Daily Archives: June 24, 2010

Chesterton on Literature and Madness

There is a notion adrift everywhere that imagination, especially mystical imagination, is dangerous to man’s mental balance. Poets are commonly spoken of as psychologically unreliable; and generally there is a vague association between wreathing laurels in your hair and sticking straws in it. Facts and history utterly contradict this view. Most of the very great poets have been not only sane, but extremely business-like; and if Shakespeare ever really held horses, it was because he was much the safest man to hold them. Imagination does not breed insanity. Exactly what does breed insanity is reason. Poets do not go mad; but chess-players do. Mathematicians go mad, and cashiers; but creative artists very seldom. I am not, as will be seen, in any sense attacking logic: I only say that this danger does lie in logic, not in imagination. Artistic paternity is as wholesome as physical paternity. Moreover, it is worthy of remark that when a poet really was morbid it was commonly because he had some weak spot of rationality on his brain. Poe, for instance, really was morbid; not because he was poetical, but because he was specially analytical. Even chess was too poetical for him; he disliked chess because it was full of knights and castles, like a poem. He avowedly preferred the black discs of draughts, because they were more like the mere black dots on a diagram. . . . And though St. John the Evangelist saw many strange monsters in his vision, he saw no creature so wild as one of his own commentators. The general fact is simple. Poetry is sane because it floats easily in an infinite sea; reason seeks to cross the infinite sea, and so make it finite.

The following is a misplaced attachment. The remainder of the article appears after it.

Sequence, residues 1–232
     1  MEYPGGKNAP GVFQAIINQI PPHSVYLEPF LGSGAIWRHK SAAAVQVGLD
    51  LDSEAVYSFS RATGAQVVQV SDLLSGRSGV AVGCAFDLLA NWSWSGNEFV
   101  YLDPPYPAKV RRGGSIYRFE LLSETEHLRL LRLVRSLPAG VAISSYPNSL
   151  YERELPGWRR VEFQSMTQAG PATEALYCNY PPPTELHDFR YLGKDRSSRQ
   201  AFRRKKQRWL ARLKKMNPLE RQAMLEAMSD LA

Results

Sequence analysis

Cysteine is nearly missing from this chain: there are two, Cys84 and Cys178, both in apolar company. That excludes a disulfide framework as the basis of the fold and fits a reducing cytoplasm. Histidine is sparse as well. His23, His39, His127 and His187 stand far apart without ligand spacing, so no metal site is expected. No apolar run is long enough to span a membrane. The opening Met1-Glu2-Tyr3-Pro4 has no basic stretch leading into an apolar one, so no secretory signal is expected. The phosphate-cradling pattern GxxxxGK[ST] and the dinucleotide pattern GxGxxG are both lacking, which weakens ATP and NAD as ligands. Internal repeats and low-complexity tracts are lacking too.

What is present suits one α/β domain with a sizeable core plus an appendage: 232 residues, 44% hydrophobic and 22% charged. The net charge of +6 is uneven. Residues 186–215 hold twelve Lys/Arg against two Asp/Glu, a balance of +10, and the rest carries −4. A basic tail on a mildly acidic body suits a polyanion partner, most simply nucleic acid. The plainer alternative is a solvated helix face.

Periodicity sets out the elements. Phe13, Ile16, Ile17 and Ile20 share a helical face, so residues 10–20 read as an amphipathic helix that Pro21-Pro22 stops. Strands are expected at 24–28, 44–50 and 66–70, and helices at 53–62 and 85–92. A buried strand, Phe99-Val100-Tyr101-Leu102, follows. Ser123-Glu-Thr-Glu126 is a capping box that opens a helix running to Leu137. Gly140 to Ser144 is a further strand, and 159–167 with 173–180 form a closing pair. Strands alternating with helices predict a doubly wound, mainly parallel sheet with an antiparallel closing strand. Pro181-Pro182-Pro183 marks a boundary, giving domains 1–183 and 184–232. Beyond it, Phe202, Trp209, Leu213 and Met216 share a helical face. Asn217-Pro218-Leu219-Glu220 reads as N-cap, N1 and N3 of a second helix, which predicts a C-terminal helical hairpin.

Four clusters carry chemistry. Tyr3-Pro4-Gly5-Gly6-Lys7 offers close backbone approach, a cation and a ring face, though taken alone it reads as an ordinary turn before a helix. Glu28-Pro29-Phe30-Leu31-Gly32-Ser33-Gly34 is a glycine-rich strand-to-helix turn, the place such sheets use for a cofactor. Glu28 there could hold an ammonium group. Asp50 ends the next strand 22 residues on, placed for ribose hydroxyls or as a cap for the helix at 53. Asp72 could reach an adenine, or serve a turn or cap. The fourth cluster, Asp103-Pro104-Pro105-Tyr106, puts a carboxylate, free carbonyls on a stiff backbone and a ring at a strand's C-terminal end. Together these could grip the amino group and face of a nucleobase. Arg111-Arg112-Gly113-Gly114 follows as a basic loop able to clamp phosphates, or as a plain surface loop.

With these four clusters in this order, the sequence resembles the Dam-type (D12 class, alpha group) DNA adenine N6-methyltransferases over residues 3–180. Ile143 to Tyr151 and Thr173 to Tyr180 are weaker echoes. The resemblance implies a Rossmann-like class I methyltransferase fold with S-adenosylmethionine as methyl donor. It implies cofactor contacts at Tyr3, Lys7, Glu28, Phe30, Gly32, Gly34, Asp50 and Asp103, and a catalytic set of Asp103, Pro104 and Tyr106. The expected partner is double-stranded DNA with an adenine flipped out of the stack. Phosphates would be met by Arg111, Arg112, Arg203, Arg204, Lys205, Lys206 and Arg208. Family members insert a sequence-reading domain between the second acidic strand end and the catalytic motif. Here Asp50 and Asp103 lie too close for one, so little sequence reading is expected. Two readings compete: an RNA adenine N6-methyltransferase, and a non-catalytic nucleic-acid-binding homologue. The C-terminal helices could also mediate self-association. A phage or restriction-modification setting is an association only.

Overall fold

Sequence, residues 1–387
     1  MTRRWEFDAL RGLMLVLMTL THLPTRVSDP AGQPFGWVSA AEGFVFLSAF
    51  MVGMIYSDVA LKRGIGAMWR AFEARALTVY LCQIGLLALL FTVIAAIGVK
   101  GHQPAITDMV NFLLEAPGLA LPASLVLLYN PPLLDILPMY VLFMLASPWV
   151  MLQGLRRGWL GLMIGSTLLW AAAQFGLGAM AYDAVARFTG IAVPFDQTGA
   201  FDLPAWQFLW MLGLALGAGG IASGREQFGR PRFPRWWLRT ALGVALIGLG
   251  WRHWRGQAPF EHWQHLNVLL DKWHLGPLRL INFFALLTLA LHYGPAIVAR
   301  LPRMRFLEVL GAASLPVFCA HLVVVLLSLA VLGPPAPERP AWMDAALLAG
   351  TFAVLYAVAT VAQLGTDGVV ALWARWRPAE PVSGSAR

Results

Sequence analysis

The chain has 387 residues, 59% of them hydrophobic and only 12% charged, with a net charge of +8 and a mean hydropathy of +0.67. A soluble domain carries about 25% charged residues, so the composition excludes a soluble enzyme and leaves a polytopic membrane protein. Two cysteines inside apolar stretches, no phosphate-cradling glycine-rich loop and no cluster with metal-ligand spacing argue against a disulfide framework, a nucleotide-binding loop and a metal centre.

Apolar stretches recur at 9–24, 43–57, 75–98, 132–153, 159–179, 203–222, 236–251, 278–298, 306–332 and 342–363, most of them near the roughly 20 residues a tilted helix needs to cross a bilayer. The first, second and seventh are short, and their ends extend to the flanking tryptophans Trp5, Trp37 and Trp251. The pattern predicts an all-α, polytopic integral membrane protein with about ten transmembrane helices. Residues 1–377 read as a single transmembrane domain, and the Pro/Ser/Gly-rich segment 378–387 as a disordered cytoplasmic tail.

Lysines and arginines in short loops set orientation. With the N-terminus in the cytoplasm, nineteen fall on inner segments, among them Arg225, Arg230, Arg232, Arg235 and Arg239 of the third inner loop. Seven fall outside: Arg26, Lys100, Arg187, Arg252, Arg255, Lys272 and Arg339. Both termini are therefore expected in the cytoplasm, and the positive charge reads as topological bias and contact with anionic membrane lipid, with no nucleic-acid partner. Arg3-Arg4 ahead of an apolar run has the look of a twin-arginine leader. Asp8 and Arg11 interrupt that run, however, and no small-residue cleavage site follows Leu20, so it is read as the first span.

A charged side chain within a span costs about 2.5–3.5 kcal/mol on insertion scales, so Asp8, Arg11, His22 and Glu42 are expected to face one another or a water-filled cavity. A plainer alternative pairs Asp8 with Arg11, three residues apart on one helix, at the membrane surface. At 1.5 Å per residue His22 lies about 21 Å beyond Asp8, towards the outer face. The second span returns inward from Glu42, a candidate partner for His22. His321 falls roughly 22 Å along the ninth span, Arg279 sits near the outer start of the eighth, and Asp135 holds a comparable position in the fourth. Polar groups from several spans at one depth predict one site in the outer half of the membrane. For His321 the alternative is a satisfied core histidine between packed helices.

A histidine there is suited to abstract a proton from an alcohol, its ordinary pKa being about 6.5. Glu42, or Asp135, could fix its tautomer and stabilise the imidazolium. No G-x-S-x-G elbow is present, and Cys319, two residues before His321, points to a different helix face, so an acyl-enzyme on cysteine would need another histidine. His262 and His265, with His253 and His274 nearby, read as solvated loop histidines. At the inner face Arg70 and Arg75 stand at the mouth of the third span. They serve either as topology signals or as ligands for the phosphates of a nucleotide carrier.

–G. K. Chesterton, Orthodoxy, Ch. 2.

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